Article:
The Society of Motor Manufacturers and Traders predicts the technology being developed for connected and autonomous vehicles will have prevented 25,000 accidents by 2030.
Warranty Direct looks at some of the key self-driving technologies making today’s vehicles safer and more efficient.
Most drivers will be familiar with ultrasonic sensors, with many vehicles already adopting the technology to help with reversing into tight parking spaces and more.
Ultrasonic sensors send out sound waves to detect surrounding objects. When the waves hit an object, it gives the car an accurate measurement of how close they are, to avoid collisions.
Blind-spot information system
Blind spot monitoring technology uses radar systems or rear-facing digital cameras, to sense vehicles which appear in a car’s blind spot. If this happens, a warning light shows in either the door mirror or within the A-pillar to alert the driver and make them aware of a potential hazard.
It’s become particularly useful when a motorist wishes to change lanes, as the technology offers an audible or haptic message if there is another vehicle in a car’s blind spot.
While it should reduce the number of collisions caused from changing lanes, drivers still need to check their blind spots and mirrors regularly and not become dependent on this technology alone.
Utilising IoT connectivity gives vehicles the ability to access wider data, like real-time traffic and weather updates, to ensure the safest and smoothest drive possible.
Connecting to a world of internet devices poses its problems, though. Privacy and safety are the biggest issue, with automated cars open to hacking, and the threat of information theft from connected devices like mobile phones.
Lane-keeping alert and automatic steering assist
By using a forward-looking camera, this technology has been developed to recognise when drivers are drifting out of a lane. Most vehicles will give either a visual or audible warning, but some higher-end motors now have automatic systems to divert a car safely back into the correct lane.
At the moment the technology is most effective on dry motorways and in a smooth flow of traffic, but there are developments being made to make it more precise and better suited to other situations such as driving on rural roads.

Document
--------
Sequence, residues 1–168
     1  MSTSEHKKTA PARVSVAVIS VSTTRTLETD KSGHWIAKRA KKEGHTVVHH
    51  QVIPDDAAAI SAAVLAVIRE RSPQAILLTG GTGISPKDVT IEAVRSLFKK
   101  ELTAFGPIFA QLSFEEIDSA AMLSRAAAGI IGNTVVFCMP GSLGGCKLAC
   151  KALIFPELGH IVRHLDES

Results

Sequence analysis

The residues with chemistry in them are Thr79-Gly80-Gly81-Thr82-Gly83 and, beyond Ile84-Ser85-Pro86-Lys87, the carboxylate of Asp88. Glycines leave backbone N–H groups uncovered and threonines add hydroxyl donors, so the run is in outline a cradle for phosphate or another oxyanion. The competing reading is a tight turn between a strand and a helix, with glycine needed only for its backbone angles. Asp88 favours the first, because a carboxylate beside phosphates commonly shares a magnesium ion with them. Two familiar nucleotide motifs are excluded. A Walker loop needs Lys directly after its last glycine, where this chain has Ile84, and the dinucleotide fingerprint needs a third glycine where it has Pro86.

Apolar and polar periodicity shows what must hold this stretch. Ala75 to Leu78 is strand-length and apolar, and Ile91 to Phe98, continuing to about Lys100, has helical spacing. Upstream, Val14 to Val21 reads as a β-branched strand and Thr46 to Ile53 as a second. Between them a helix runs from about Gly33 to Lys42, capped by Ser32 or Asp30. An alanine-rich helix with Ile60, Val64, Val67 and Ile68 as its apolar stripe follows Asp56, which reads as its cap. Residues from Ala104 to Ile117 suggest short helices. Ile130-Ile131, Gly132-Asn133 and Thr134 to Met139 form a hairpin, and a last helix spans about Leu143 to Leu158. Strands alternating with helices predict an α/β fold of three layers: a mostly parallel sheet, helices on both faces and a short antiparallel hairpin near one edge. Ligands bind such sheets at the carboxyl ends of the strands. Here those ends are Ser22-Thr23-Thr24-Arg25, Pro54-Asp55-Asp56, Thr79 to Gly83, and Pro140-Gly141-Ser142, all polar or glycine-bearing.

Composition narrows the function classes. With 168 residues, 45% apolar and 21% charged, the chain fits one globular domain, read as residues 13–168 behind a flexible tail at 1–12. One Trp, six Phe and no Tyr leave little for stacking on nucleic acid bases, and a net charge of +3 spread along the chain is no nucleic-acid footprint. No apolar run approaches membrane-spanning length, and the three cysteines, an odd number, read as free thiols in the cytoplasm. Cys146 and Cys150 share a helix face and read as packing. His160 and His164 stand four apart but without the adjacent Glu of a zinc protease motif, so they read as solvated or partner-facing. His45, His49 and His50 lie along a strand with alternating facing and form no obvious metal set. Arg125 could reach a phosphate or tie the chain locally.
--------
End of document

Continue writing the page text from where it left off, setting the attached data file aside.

Traffic sign recognition
This uses a camera to scan road signs, then communicates this information back to either the dashboard or infotainment section of a vehicle.
All drivers should be well-versed on the Highway Code, which provides information on all the relevant road signs. However, this technology has been designed more as “extra driving assistance”, to help people when on unfamiliar roads or if they may have missed a change in the speed limit.
Automation is measured in five stages; with the final, most advanced stage being a fully autonomous system. This is when a vehicle’s performance is equal to that of a human driver.
The majority of vehicles are currently at stage two, which is what the systems listed earlier like park assist and lane-keeping alert are currently rated.
But what are some of the technologies the motoring industry has in the pipeline to take us to stage five?
Mercedes-Benz is currently working on a new technology – car-to-x – which will allow drivers to see ‘into the future’ – past multiple bends and maybe even further.
The sophisticated technology establishes networked links among and between vehicles and traffic infrastructure, so you can adjust your driving behaviour and defuse potentially dangerous situations.
The new GPS
Fully self-driving cars will rely on GPS devices to locate their position, helping to establish a route, know when to turn and more.
The worry is GPS devices can sometimes be off by a few metres, which would be extremely dangerous for a travelling vehicle. However, by connecting to other built-in sensors and cameras, vehicles can pinpoint an exact location.